Take a leaf from these lean, green cookbooks
HEALTHY cooking and eating get easier with three new cookbooks filled with nourishing yet time-saving recipes.
At Home: From Pot To Pot
By Pauline Menezes
$28.00 before GST, 234 x 180mm / 140pp / Paperback Cuisine.
This book on growing herbs and using them is the first of its kind that is tailored for Singapore's apartment dwellers.
Pauline Menezes is the honorary secretary of the Vegetarian Society (Singapore) and started growing her own herbs at home for the book, besides soliciting recipes from different sources.
The book gets to the nitty-gritty of growing 15 herbs - covering the general basics from how to pot them to how to ensure best growth.
"The book's main aim is to encourage apartment dwellers to plant greens and enjoy the benefits so it has to cover the basics and be accessible," said Ms Menezes. The 30 recipes were selected to best use the herbs and the food can be prepared in less than 30 minutes.
One thing she learnt was that most of the herbs in the book do not require full sunlight. They can also be grown in small, used drink or food containers.
The recipes in the book try to keep to less than eight ingredients as Ms Menezes believes that people want simplicity.
The recipe for the Blue Butterfly Pea Curd Cheese Spread, for example, sees the use of the flower in an edible way rather than just as a natural food dye.
The Pleasures Of Eating Well: Nourishing Favourites From
The Como Shambhala Kitchen
By Christina Ong
$95.00 before GST, 305x225mm / 303pp / Cased
The book will be sold at Como Shambhala Urban Escape at Delfi Orchard, SuperNature at Forum the Shopping Mall, Culina at
Dempsey Hill, Amazon.com
from early August Founder Christina Ong's elegance is reflected in the classy look of the book, and as she reveals in her introduction, the whopping 147 recipes are a reflection of her sensible approach to eating well.
The recipes are meant to be flexible so the food can be whipped up any time of the day - whether you are eating alone or hosting a dinner party.
Those looking to lead healthier lifestyles will find the recipes handy too.
The recipes stem from Ms Ong's Como Shambala concept of 360-degree wellness, and are developed with Como's group executive chef Timothy DeSouza.
While some are simple (such as juices), there are those which require "exotic" ingredients such as goat curd and yak meat from Bhutan.
But there are no-cook recipes like a chilled creamy avocado, miso and orange soup which just requires a quick blend of avocado and white miso paste, with carrot juice and young coconut water, ginger, garlic and grated orange zest.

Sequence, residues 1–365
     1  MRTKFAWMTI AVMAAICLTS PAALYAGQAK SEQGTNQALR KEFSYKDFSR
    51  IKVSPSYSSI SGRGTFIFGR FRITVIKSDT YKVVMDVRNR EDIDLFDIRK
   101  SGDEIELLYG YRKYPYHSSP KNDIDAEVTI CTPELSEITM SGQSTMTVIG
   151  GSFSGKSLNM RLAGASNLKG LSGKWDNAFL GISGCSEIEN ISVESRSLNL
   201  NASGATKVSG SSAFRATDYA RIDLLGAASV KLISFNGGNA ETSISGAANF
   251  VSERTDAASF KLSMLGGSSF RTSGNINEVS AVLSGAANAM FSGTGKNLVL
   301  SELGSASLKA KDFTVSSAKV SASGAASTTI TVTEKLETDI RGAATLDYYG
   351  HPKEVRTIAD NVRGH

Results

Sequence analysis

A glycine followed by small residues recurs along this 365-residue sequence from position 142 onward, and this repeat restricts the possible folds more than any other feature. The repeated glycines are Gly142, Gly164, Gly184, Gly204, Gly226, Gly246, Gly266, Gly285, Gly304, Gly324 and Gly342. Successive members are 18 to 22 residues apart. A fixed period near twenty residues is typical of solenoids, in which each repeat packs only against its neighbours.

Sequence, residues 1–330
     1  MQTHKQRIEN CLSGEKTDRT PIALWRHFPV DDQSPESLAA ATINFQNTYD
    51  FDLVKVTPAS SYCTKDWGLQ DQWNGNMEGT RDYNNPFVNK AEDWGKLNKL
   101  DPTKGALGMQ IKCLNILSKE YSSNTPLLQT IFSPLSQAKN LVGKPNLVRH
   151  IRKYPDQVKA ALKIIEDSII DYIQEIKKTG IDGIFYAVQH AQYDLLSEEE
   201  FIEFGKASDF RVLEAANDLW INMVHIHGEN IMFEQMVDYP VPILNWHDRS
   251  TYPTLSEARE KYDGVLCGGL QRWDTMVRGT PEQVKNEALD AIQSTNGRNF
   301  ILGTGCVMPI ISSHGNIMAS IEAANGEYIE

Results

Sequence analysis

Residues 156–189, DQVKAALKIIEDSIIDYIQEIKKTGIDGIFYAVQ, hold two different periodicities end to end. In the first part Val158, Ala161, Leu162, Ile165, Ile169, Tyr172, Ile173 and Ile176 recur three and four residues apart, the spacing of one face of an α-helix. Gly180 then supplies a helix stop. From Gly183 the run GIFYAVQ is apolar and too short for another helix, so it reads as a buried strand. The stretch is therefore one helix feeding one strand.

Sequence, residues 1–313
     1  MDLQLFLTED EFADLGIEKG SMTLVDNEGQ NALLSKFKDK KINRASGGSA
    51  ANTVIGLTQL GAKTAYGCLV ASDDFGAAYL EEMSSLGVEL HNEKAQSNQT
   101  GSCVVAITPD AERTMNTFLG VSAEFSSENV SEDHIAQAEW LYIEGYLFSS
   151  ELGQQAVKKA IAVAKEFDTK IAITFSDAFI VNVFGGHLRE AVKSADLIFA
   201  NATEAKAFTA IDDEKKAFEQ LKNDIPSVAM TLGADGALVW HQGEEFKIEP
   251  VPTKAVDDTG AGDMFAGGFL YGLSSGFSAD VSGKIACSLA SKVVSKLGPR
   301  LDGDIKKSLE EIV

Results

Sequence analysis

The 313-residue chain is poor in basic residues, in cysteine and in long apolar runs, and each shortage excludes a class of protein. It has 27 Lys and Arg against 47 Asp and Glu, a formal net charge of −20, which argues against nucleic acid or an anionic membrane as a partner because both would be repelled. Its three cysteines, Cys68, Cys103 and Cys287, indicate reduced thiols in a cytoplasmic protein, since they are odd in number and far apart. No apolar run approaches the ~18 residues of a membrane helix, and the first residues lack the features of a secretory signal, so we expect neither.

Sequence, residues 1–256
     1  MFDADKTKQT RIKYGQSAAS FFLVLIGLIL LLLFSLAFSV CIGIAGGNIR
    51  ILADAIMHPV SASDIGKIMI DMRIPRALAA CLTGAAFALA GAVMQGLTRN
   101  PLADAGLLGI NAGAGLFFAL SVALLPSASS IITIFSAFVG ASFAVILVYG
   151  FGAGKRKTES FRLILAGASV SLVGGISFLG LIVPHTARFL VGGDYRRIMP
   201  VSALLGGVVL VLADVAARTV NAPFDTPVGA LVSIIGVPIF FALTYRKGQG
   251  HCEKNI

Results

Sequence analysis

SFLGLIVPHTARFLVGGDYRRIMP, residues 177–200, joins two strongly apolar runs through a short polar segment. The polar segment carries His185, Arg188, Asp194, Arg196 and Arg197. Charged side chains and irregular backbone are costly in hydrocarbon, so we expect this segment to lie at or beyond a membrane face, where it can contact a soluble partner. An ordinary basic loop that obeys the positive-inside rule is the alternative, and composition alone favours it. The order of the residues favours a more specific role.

By Joanna Wong
$36.00 before GST, 255 x 210mm / 164pp / Cased
The book will be available at bookstores from July 9
In 2004, the World Gourmet Summit featured modern cuisine cooked with traditional Chinese herbs.
That event introduced Chinese herbs in the Singapore culinary scene outside of the usual soups or medicinal fare, and its profile has been slowly on the rise since.
The force behind this change has been Joanna Wong, who had headed the branding and corporate communications for traditional Chinese medicine brand Eu Yan Sang.
"I wanted to debunk the myth that Chinese herbs could be used as medicine only when one is ill, and spread the knowledge that Chinese herbs can be incorporated into the daily diet for the maintenance of good health," said Ms Wong.
She has collaborated with renowned celebrity chefs to create original herbal dishes while experimenting on her own.
After she left Eu Yan Sang last July, she decided to pull together all that rich experience and distill it into a cookbook, Herbalicious.
The cookbook is certainly a first, and she also roped in five chefs, each contributing six to eight recipes each.
There are more than 50 recipes in the book, about one third of which are Ms Wong's.
Eu Yan Sang sponsored the herbs used in testing the recipes.
Readers will find Chinese herbs used in Indian, Thai, Western and Chinese cuisines.
"The recipes in this book are much about nourishing yin, the nutritive body fluids inside our bodies that help to lubricate our organs. This is important, especially for those of us living in hot and humid climates," she said.
There is a useful pictorial glossary of the herb, with the names in Mandarin and hanyu pinyin.
THE BUSINESS TIMES